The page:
Theatre opened on February
4, 1927. The 4,000-seat theatre took three years to build and
cost $2.5 million. Its opening prompted thousands to parade
along Canal Street. The top ticket price was 65 cents, and the
bill for each performance included a silent movie and stage
play (produced by the Paramount Publix Corporation), and music from the Saenger
In 1929, Julian Saenger sold the
theatre to Paramount Publix, which continued to operate the
theatre successfully throughout the Great Depression. In 1933
Paramount Publix converted the theatre to "talking pictures"
only. In 1964, ABC Interstate Theatres turned the Saenger into
a piggyback theatre, building a wall in front of the balcony
to divide the larger space into two smaller theatres. The
upstairs theatre was known as the Saenger Orleans. On
September 29, 1977 the theatre was designated
a historic landmark by the New Orleans Landmark Commission.
That December it was added to the National Register of
Architect Emile Weil designed the
interior of the theatre to recall an Italian Baroque
courtyard. Weil installed 150 lights in the ceiling of the
theatre, arranged in the shape of constellations of the night
sky. The theatre also employed special effects
machines to project images of moving clouds, sunrises, and
sunsets across the theatre's interior.
When the theatre opened, there was installed an
approximately 2000-pipe Robert-Morton organ - one of the
largest instruments the legendary Robert-Morton Organ Company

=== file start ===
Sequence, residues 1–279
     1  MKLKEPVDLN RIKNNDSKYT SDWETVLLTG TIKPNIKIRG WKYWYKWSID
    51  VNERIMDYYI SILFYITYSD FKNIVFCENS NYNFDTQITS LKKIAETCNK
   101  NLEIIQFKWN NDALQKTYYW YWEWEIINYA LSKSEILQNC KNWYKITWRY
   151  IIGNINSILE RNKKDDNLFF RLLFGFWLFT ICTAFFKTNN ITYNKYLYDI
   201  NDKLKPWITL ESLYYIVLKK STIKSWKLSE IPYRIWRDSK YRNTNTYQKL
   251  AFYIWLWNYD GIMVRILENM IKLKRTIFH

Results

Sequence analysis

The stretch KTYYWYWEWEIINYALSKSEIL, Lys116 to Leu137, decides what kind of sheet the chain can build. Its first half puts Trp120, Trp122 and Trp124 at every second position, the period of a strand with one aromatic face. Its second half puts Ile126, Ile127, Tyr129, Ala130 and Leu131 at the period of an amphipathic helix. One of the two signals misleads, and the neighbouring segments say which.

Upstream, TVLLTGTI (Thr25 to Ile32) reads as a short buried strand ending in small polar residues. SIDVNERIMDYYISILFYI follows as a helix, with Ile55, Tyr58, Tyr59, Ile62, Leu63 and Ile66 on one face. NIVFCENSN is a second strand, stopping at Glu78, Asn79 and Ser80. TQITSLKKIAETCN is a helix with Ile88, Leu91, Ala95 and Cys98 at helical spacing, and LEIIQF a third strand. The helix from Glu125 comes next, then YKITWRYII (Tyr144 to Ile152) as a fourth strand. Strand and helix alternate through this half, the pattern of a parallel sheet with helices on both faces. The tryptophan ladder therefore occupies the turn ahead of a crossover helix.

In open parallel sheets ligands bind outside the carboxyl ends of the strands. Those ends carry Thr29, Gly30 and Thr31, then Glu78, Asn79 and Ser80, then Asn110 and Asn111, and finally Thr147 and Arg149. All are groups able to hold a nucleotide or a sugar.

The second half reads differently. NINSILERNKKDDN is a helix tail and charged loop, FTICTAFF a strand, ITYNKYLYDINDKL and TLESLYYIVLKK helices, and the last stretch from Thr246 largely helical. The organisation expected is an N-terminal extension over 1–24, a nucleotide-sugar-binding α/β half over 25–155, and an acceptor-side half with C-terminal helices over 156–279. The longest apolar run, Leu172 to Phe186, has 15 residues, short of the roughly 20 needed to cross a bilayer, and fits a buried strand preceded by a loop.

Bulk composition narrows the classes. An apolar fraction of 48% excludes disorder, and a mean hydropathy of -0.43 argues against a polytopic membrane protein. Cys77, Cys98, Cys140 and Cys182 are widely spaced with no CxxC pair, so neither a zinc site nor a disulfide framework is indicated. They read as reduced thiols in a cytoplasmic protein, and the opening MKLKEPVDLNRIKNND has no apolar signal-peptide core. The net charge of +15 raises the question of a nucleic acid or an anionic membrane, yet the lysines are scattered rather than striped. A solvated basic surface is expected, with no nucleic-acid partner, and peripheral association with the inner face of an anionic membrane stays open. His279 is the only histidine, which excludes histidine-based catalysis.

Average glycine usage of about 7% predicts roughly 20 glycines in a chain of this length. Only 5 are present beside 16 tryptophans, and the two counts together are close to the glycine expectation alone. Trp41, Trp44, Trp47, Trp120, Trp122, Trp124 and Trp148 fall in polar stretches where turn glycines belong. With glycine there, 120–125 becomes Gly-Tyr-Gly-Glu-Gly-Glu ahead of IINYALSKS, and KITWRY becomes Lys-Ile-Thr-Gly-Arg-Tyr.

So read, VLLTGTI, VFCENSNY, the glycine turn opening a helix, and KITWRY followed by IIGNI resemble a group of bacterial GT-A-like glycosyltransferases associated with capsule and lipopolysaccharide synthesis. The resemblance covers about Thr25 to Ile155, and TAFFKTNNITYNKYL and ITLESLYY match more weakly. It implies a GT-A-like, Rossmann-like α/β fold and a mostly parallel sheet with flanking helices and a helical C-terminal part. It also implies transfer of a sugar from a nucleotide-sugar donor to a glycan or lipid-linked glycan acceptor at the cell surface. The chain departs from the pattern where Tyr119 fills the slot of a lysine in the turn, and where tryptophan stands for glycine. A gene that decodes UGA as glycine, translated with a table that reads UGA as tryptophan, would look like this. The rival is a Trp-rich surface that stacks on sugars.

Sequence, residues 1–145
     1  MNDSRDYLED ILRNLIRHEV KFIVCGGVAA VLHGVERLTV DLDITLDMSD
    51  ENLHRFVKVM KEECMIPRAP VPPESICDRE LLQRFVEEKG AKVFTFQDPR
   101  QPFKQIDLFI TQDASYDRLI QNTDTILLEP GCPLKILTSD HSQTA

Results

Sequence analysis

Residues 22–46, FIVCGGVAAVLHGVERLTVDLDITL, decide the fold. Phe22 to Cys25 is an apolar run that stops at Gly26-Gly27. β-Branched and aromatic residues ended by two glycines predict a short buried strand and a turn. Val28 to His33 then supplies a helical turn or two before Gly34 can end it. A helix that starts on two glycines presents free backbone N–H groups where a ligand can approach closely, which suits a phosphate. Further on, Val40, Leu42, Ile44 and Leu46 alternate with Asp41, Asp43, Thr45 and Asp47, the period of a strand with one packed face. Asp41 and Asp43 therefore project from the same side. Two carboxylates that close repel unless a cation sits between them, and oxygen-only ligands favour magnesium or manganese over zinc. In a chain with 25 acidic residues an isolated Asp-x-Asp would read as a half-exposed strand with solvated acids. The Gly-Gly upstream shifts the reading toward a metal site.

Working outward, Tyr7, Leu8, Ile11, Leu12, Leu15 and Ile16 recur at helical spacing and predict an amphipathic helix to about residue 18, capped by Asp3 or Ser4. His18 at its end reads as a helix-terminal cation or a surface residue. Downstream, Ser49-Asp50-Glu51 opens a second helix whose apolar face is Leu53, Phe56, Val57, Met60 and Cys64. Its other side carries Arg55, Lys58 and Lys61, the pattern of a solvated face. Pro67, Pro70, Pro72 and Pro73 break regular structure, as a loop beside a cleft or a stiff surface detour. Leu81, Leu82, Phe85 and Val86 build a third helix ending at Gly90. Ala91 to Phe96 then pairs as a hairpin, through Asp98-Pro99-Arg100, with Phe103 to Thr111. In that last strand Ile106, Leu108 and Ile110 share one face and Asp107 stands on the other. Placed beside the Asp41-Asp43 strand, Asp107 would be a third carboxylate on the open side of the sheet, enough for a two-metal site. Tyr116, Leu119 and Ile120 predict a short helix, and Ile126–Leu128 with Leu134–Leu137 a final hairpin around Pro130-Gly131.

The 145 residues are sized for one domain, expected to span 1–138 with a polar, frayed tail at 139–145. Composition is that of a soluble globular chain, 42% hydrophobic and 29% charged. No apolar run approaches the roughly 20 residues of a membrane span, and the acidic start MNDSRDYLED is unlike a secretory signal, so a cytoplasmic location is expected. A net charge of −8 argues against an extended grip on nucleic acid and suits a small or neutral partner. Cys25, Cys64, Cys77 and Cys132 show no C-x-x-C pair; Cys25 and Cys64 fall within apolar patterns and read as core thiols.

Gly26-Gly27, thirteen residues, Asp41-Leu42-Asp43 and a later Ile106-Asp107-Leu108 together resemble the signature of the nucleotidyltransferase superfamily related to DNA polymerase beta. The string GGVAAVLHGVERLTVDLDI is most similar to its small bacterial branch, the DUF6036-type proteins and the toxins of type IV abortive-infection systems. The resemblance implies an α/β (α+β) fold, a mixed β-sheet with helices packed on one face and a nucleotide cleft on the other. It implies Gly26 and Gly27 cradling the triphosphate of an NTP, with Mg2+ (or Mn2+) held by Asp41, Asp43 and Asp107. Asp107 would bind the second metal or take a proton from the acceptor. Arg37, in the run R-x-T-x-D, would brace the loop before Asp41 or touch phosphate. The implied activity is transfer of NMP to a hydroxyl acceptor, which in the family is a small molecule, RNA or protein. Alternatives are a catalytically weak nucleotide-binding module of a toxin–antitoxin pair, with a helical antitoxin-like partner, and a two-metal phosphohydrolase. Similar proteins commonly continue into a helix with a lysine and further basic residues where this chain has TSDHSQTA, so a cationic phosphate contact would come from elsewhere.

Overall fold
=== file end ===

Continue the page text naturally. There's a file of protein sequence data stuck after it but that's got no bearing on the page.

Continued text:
ever built, and the prototype for the company's "Wonder
Morton" line. The organ has a four manual console and 26 ranks
of pipes. Nine ranks extend to the 16' pitch. It was designed
specifically for the acoustics of the Saenger Theatre, and is
one of the few Robert-Morton organs in the United States still
in its original installation position.
n 1978, the Saenger Theatre was sold for slightly more than
$1 million to E.B. Breazeale, who then spent an additional $3
million (with co-investors Zev Bufman and Barry Mendelson)
renovating it into a performing arts center. Pace Management
also invested in the renovation and was hired to run the
The Saenger Theatre reopened in 1980
with a reduced seating capacity of 2,800. Johnny Carson made a gala performance at the theatre's grand
reopening. Then, in 1985, the management team of the theatre
formed a joint venture with 50 limited partners to purchase
the theatre from Breazeale.
In the summer of 2002, the Saenger
Theatre returned to its cinematic roots and showed three
classic movies (Some Like It Hot,The Wizard of Oz andGone with the Wind) in celebration of its 75th anniversary.
Since then, the Summer Classic Movie series had been an annual
event every June.
When Hurricane Katrina hit New Orleans
in 2005, the Saenger Theatre suffered significant water
damage. As of March 2009 it has not yet reopened. The water
line went approximately a foot above stage level, filling the
basement and orchestra seating area. The vintage Robert Morton
Wonder Organ was at stage level and suffered some damage. The
administrative offices of the theatre and the box office on
Rampart Street suffered extensive water damage. Photos taken
immediately after Katrina often show the Canal Street marquee
damaged, however in fact the staff of the theatre had removed
the acrylic glass and other
materials which could become "flying debris" during such a
At the time of Katrina, the Saenger
Theatre was in the middle of a major renovation. Work had begun on repairs to the interior theatre ceiling, and
all carpeting and seating had been removed in anticipation of being replaced.
The Saenger Theatre is currently undergoing major renovations in
hopes to reopen for the 2010-2011 season